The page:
Preimplantation Genetic Diagnosis: A Family Choice

For families with autosomal-dominant neurological conditions, the fear of passing on the disease to their children looms large. Now, people at this highest genetic risk can ensure that they have healthy children by undergoing in vitro fertilization followed by genetic testing of embryos prior to implantation. Called preimplantation genetic diagnosis, the procedure remains rarely used, largely because few people know about it, and even fewer realize they can use it simply if they are at risk, and without having to find out their own genetic status. But even once the decision is made, couples who opt for PGD face obstacles such as high cost and invasive procedures.

Preimplantation Genetic Diagnosis Can Stop Inherited Disease in a Family

In 1998, Jennifer Leyton’s mother was dying of Huntington’s disease, an incurable neurologic disorder that robs people of movement and thought. Because the huntingtin mutation is autosomal-dominant, Leyton knew she had a 50 percent chance of having inherited it.

Leyton was young and wanted children, but she was determined not to take the chance of passing on Huntington’s to the next generation. She turned to what was then a rare technique—preimplantation genetic diagnosis (PGD). In this procedure a woman undergoes in vitro fertilization, then doctors test the resulting embryos for the mutant gene and implant only those that do not carry it. Leyton searched far and wide before she found a clinic, the Genetics & IVF Institute in Fairfax, Virginia, that could do this for her. She did not know if she herself carried the disease gene and wanted to keep it that way, so her doctor’s promise not to reveal her status was a key factor. Leyton and her husband traveled regularly from their home in New York City for the procedures. She endured physical ordeals associated with IVF, such as mood swings and bloating from taking hormones, and pain from having eggs harvested. The first attempt failed, but on the second try, Leyton became pregnant and eventually gave birth to healthy twins, a boy and girl, who are now 14.

Jennifer Leyton with her husband and 14-year-old twins. Image courtesy of Jennifer Leyton.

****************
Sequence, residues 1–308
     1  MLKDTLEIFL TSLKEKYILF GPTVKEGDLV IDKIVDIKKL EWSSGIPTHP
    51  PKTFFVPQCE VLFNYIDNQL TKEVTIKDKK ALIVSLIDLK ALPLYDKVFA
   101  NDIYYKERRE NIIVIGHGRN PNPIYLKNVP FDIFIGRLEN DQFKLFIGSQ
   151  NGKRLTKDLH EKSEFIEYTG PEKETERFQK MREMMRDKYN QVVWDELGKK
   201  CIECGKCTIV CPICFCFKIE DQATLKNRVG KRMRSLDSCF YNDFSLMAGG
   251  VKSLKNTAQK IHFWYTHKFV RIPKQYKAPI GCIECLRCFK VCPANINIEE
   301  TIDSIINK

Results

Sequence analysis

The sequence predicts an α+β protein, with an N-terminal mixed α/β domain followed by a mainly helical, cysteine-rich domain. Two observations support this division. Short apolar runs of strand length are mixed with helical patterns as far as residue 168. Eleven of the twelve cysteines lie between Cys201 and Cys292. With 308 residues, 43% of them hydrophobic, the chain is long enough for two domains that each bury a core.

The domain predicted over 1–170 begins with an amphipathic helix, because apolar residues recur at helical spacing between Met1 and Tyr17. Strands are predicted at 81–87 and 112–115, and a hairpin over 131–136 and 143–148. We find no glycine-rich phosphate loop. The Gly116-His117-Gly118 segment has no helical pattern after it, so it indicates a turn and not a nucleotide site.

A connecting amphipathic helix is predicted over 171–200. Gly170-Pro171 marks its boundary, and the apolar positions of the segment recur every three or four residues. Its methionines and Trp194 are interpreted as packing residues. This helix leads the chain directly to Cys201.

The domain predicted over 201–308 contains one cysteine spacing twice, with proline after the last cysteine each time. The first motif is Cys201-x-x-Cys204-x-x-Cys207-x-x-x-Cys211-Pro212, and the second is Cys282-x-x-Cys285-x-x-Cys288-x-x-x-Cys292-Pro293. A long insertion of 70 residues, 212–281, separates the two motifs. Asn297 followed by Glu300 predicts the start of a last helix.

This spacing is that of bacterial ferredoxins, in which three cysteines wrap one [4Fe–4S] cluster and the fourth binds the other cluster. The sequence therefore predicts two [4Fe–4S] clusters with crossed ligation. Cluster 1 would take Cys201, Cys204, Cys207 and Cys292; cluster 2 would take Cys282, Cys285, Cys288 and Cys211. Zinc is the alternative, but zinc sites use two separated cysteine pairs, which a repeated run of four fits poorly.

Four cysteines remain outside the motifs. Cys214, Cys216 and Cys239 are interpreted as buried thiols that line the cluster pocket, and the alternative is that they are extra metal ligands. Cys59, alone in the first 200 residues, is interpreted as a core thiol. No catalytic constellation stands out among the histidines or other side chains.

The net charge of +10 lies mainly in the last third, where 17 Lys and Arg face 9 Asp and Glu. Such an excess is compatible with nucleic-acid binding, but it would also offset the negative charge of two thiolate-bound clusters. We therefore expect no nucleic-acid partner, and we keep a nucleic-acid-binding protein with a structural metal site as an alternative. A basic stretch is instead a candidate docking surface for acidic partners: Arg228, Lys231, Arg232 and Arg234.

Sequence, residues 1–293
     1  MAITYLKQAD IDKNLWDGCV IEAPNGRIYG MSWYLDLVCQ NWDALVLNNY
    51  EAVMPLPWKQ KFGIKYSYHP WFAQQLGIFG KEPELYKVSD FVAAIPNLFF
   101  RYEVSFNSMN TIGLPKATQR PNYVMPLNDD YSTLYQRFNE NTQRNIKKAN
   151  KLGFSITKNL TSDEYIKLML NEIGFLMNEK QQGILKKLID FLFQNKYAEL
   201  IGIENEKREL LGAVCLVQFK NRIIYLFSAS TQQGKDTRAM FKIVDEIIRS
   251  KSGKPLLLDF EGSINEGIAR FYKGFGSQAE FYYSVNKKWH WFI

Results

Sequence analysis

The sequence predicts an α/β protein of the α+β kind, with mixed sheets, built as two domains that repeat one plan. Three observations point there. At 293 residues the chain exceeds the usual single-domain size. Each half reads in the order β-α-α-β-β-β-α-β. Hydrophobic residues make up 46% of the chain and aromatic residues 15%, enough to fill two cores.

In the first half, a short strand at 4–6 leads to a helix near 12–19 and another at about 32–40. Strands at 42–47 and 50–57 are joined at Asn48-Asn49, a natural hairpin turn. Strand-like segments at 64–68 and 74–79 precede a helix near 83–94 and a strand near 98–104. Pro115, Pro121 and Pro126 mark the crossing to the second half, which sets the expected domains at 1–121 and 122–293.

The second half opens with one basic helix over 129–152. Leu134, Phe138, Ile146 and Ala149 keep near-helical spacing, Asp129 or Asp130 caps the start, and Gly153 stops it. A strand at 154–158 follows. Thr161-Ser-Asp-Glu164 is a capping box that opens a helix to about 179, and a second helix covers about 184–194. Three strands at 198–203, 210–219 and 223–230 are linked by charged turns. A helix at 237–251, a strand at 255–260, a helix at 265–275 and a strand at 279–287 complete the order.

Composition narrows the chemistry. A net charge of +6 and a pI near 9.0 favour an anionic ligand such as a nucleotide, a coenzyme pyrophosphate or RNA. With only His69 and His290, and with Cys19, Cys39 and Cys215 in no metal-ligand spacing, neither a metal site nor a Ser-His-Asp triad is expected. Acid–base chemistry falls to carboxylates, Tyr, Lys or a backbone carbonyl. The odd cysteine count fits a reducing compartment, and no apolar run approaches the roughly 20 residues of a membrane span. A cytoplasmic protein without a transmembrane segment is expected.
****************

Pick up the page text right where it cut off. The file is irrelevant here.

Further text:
For Leyton, all the trouble was worth it. “Yes, it was painful and hard on my body. It was expensive. But that doesn’t matter. What matters is I know my children will never, ever have this gene,” she told Alzforum.

Leyton’s story is becoming more common. Most fertility clinics in developed countries now offer PGD, and thousands of couples have used it to avoid passing on genes for serious disorders. (PGD is different from the experimental, and controversial, “three-parent” technique being tried to avoid passing on flawed mitochondrial DNA. That method was profiled June 30 in The New York Times.) In surveys, a majority of couples at risk for severe genetic diseases indicate they prefer PGD to getting prenatal testing later via amniocentesis and facing the wrenching decision of whether to terminate a pregnancy (see Musters et al., 2010). However, the use of PGD for adult-onset neurological disorders remains quite limited. Only a small percentage of Huntington’s families have used it, and a mere handful of families with Alzheimer’s genes are known to have done so. Mainly, this is because few people with autosomal-dominant AD have heard of this technique or realize it is an option for them, according to those in the field.

The expense and difficulty of the procedure deter some people. Others do not realize they can get PGD without having to find out whether they carry the disease gene themselves. Having a mother or father with a familial AD mutation can be enough to qualify for PGD. Alzforum contacted about a dozen families with autosomal-dominant AD, and once they heard about this option, many expressed tremendous interest.

“I have already lost six family members [to AD], and two of my three children will be added to that list. I would love it if my grandchildren had the chance to stop this in our family,” one anonymous commenter whose family carries a presenilin mutation wrote in an FAD support group discussion.